Living with HIV is certainly a very big deal. It has detrimental mental health impacts on people. Such impacts are even worse for mothers living with HIV whose children are also living with HIV.
Informed by the findings of a PhD project of Dr Nelsensius Fauk, supervised by Professor Paul Ward and Associate Professor Lillian Mwanri, exploring risk factors and impacts of HIV on women living with HIV, the researchers conducted further interviews with 23 mothers living with HIV who also have a child living with HIV in Yogyakarta, Indonesia.
Mothers’ experience of HIV-related mental health issues
Interviews suggested that mothers experienced tremendous mental health challenges after their HIV diagnosis. They psychologically struggled to accept their HIV-positive status and to find possible ways to cope with it.
The mental health burden was even heavier once they discovered that their child had also been infected with HIV, either during the birth process, or through breastfeeding.
Dealing with the daily life or social activities of their child living with HIV also caused fear and worry for these mothers about the possibility of the child’s HIV status being accidentally disclosed, as well as the negative impacts the child might face afterwards.
Managing their child’s health condition and treatment and repetitive complaints from the child about daily medication were stressful life situations for these mothers, in addition to the incredible effort to maintain their own health.
Most mothers interviewed acknowledged that their children had not been informed about their HIV-positive status due to their very young age. This was another challenge that made it harder for them to encourage daily medication for the child.
In the interviews, some mothers explained that they received unsympathetic expressions and comments from friends towards themselves and their child living with HIV, which further negatively impacted their mental health. They felt sad and hurt, which for some led to friendship rifts or disconnection. Some others also felt negatively judged by their parents and families due to contracting the infection, which caused anger, guilt, and stress.
HIV-related coping strategies used by the mothers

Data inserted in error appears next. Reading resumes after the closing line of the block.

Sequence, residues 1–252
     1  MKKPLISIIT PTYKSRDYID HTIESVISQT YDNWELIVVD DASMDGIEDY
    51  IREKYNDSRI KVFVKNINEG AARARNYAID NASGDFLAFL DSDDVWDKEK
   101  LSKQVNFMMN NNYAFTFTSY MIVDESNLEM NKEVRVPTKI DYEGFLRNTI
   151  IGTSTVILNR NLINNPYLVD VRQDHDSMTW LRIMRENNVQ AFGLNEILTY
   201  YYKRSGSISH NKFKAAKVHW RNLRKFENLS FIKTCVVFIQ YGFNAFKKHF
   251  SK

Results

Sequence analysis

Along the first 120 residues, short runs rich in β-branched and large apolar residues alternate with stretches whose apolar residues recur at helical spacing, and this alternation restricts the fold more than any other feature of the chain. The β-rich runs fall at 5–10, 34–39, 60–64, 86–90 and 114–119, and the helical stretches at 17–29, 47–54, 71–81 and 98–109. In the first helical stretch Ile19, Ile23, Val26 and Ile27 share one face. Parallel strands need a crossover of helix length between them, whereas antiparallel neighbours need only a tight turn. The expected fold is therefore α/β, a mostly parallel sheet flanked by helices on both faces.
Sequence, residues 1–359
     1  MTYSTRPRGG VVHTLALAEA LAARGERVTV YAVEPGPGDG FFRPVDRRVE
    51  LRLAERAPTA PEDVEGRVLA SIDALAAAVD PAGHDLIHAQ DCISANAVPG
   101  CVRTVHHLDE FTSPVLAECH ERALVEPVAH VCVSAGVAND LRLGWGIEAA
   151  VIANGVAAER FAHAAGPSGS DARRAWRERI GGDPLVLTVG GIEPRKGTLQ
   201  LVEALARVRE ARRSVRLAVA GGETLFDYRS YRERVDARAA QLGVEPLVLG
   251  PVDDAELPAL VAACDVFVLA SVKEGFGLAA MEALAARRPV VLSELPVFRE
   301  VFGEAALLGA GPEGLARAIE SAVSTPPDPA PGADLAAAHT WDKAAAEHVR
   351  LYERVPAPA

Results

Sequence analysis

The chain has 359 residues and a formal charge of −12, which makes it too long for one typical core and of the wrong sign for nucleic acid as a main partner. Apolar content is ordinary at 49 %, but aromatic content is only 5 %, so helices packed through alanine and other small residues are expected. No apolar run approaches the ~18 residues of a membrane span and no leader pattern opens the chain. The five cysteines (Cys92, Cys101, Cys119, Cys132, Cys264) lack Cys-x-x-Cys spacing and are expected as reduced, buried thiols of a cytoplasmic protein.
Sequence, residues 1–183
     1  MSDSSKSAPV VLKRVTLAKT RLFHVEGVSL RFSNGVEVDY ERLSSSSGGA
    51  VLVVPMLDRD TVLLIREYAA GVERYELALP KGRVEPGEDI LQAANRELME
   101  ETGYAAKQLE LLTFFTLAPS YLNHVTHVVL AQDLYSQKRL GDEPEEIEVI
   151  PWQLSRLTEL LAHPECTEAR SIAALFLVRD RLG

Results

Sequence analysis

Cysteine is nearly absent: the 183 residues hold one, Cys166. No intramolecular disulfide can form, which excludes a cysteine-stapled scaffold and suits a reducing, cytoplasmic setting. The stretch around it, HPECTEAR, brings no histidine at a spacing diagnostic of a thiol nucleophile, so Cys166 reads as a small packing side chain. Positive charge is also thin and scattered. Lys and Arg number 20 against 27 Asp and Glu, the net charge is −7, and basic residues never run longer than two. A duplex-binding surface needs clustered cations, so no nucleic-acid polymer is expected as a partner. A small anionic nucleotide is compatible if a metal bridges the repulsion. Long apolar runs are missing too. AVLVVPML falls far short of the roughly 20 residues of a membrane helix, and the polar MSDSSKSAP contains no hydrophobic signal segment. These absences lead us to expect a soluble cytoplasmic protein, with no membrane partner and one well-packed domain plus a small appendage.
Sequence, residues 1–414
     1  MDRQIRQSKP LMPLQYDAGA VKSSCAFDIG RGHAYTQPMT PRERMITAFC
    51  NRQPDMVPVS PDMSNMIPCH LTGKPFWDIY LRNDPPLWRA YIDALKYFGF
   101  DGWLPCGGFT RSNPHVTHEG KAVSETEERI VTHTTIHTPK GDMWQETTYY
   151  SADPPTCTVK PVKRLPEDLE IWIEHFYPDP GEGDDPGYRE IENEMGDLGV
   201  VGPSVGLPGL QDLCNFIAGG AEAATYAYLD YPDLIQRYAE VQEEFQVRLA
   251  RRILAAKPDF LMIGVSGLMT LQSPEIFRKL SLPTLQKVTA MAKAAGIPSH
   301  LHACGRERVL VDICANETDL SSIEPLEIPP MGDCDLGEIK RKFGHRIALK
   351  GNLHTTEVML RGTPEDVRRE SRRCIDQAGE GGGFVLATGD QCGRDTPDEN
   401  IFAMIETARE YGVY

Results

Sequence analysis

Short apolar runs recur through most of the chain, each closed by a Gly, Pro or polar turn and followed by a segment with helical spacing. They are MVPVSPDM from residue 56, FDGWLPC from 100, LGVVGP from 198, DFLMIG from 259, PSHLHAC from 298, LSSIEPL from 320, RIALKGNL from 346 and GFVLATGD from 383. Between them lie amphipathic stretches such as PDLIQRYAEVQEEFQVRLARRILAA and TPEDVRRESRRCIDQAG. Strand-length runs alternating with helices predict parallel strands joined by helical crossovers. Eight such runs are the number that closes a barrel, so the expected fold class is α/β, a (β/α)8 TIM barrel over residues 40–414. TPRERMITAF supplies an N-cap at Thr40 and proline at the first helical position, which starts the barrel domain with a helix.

The research explored how these mothers coped with the mental health issues they faced due to their own and their children’s HIV diagnosis.
It was discovered that although they experienced mental health challenges, they demonstrated positive responses and strong resilience. They tried to find positive meaning in their challenging situations through various actions.
For these mothers, their awareness of how meaningful and important they are and the sense of responsibility they have for their children and families that encouraged them to fight against fear, stress, anxiety, and depression following their own, and their child’s, HIV diagnosis.
“If I don’t fight this infection and stay strong then who will take care of my children,” said one of the mothers interviewed.
The research revealed that this awareness and sense of responsibility also helped the mothers accept their own HIV status and the HIV status of their child. By accepting their HIV status, they stopped blaming themselves and the person who transmitted the virus to them.
Finding religious meaning through faith and prayers was also an important determinant of coping mechanisms for most mothers. This helped them calm down, think positively and provide hope for a better future.
The study revealed that these mothers tried to strengthen their relationships with their child after the child’s HIV diagnosis. By providing more time and attention to the child and supporting the child’s needs the burden of guilt of transmitting HIV to their child was reduced.
One of the mothers explained:
“I want to give more of my time and attention to my kids, especially my son [HIV+]. I transmitted HIV to [him], and he has to carry the burden as well; he doesn’t deserve this”.
These mothers also shared that they tried to overcome feelings of worry and fear about the possibility of their child’s HIV status being exposed, and the negative consequences their child might face.
One solution was connecting their child to other children living with HIV in groups and activities. This was considered a productive strategy and socially meaningful for their child as the child had the opportunity to build social relationships with children who were going through a similar experience. In the same way, it helped these mothers cope with the burden of overthinking and worrying about possible future difficulties and negative social impacts.